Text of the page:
For instance, many of my close friends live far away and we don’t share our daily life with each other anymore, but I understand that I can still depend on them. Then there are individuals that I just met. While I click with individuals immediately at times, it requires longer to communicate profoundly with others. I have loose friends as well, and while we may not be discussing our deepest ideas, connecting through experiences and mutual interests is still enjoyable.

Once we open our minds to what kind of relationship, we gain access to links that would otherwise have passed under our radar.

  1. Connection is a 2-way street.

Connection quality is made up of what you both put in. And if you expect what you are not ready to offer, the link is likely to fall apart.

It’s not just what you’re ready to do for the other individual. Are you showing up completely like yourself? Do you really allow others to see you? And are you also ready to see the other individual really, including the more difficult things that might feel heavy and painful?

  1. People can only respect your demands and wishes when you convey them.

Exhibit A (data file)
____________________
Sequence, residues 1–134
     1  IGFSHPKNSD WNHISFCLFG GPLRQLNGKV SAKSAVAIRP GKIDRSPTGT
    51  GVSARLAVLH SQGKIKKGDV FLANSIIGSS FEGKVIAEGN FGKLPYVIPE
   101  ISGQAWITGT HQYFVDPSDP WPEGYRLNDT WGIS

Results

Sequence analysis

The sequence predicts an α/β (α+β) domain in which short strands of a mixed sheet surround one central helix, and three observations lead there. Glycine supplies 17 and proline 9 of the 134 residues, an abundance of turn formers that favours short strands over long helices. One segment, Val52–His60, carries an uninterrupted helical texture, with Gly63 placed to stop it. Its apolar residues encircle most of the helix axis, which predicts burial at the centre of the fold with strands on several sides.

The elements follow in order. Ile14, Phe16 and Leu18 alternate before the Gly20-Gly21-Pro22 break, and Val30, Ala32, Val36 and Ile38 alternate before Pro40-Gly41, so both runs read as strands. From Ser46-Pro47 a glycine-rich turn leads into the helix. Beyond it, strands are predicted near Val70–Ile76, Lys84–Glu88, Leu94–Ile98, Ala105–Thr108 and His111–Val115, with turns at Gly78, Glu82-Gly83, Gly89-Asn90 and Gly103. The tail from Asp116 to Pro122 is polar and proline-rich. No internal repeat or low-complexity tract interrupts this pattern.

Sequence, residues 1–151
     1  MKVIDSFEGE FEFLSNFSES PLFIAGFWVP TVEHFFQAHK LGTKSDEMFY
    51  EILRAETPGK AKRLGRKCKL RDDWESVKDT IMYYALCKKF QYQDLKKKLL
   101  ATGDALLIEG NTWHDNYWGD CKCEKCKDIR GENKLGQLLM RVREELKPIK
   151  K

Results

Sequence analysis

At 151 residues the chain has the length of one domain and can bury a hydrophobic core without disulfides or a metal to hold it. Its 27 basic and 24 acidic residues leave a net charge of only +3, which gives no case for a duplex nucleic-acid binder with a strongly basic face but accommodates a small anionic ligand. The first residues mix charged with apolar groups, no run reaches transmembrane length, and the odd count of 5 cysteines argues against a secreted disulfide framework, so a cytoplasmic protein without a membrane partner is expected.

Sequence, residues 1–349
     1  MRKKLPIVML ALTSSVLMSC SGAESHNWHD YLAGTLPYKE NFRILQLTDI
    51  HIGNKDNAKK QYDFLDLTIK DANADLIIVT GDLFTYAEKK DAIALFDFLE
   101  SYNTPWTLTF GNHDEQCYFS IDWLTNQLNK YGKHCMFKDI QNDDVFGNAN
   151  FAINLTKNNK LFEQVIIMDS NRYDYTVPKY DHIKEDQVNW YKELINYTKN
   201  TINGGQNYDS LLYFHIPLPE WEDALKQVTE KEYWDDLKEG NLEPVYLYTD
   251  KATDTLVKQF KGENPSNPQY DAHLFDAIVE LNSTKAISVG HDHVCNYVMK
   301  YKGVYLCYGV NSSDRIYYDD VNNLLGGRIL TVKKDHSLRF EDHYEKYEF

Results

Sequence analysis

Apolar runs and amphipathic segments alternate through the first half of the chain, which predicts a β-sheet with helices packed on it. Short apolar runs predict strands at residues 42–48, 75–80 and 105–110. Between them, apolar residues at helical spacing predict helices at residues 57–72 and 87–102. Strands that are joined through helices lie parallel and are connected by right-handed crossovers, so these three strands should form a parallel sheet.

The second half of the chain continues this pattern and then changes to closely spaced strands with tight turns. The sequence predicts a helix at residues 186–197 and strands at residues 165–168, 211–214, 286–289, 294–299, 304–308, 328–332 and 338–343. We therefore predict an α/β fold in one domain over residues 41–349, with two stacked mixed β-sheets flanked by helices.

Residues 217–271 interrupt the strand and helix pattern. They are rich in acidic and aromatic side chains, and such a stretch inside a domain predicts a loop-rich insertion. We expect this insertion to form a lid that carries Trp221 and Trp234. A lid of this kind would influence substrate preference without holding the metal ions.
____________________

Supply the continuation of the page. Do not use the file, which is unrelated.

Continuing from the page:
We often expect others not only to read our minds, but also in all matters to be on the same page as us. Chances are they might have no idea if you haven’t communicated obviously what you’re expecting from your buddy.

But also, remind yourself you have no “right” to others fulfilling your needs and wishes. Be prepared that others aren’t able or don’t want to give what you would like them to give you.

You understand this stating “You find out who your true friends are in moments of crisis?” Well, I don’t agree with that completely. It assumes there is an unwritten rule as to how friends should act, but there may be numerous reasons why they may not be there for you to the extent that you expect them to be there.